One of my favorite tools on the Tablet PC is the ‘Snipping Tool’. I have been using it frequently since the early XP days (back then we shipped it seperately as a Power Toy). Now in Vista, it’s part of the main OS and I find myself using it quite often event on my desktop PC.
When I was using the tool recently, I got this idea for a new Silverlight sample app: wouldn’t it be cool to snip pieces from various images and put them together as a collage in Silverlight – and then annotate the result with text, drawings and/or handwriting?
Silverlight’s imaging and ink APIs make this fairly easy. Here are my results of this effort using Silverlight v1.0 – the sample demonstrates these features:
- Select an image from an animated collection of pictures
- Snip a piece of the selected image (free-form, rectangle or entire picture) and arrange it on the canvas
- Use ‘Image Tools’ to control zoom, rotation and opacity of individual snippets
- Use ‘Text Tools’ to add/change text annotations
- Use ‘Ink Tools’ to add/change drawings and handwritten annotations
- Full screen and embedded mode
Couple of notes and caveats:
- The pictures are currently hardcoded (appropriate for the holiday season 🙂 ), but you can easily change that in the attached source code to use your own pictures or to pull images from the web.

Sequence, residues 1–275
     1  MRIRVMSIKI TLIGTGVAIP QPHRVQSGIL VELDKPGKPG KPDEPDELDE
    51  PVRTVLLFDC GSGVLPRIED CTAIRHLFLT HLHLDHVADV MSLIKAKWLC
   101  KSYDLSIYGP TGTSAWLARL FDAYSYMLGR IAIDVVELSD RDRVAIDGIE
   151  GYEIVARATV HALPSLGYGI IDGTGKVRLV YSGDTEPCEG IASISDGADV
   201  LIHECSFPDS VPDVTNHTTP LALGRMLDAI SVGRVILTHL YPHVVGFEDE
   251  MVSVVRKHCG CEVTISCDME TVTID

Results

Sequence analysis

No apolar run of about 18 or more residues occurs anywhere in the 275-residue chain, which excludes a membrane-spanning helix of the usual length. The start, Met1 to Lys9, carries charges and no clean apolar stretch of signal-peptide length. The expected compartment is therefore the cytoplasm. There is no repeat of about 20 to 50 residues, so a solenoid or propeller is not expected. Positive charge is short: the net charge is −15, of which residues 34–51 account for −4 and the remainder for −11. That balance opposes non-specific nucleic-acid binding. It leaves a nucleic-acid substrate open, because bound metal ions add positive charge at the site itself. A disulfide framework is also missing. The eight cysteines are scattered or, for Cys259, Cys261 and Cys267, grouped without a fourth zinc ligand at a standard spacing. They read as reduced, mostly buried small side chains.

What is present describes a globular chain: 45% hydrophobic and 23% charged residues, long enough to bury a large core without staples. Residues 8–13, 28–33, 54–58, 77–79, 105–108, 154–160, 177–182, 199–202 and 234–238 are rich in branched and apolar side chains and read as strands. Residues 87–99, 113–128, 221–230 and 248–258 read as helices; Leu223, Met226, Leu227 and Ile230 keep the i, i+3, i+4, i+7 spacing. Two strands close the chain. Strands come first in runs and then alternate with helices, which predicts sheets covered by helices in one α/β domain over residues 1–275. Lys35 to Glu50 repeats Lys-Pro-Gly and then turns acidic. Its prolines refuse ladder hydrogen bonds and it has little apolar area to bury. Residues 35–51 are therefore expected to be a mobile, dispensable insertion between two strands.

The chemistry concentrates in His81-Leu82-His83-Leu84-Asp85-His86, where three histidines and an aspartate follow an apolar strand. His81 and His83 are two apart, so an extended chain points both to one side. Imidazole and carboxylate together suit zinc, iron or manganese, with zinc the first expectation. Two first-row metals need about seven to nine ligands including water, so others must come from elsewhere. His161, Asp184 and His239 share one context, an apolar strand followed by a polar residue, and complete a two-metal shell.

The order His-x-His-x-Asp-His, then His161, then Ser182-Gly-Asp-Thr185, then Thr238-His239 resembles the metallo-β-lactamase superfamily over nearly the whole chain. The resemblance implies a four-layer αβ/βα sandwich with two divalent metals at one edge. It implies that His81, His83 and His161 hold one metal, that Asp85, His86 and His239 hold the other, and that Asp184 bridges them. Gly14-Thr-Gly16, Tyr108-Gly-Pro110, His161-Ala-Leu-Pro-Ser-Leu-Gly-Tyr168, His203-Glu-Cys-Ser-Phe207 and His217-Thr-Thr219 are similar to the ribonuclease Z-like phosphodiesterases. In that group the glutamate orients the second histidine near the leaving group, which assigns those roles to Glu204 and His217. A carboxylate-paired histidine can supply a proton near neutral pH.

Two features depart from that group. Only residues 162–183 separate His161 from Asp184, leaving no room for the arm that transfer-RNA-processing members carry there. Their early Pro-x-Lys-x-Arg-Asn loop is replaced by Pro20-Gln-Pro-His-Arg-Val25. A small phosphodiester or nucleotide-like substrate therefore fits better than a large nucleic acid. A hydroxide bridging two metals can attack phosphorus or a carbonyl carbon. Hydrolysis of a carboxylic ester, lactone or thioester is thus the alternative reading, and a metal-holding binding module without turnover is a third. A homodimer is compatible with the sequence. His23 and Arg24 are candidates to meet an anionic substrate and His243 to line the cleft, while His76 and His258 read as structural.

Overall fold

- When you launch the app from this blog, it opens up in full screen mode (since this is the best mode to view and use it). You can press the ‘Esc’ key or use the ‘Miscellaneous’ menu to go back to embedded mode.
- In full screen mode Silverlight disables keyboard input (for security reasons). So if you want to enter some text annotations, please switch to embedded mode.
- The ‘Create Bitmap’ button doesn’t do anything in this version. The idea is to invoke some server-side code here to generate a bitmap of your collage. If there is interest in the community, this might be a good topic for a seperate blog post. But then again: if you are on Windows Vista, you can just use the Snipping Tool in the OS, to grab your collage and save it as bitmap 🙂
The sample’s complete source code is attached to this post. A live version, hosted via Silverlight Streaming, is included below for you try out. Click the button to launch the app: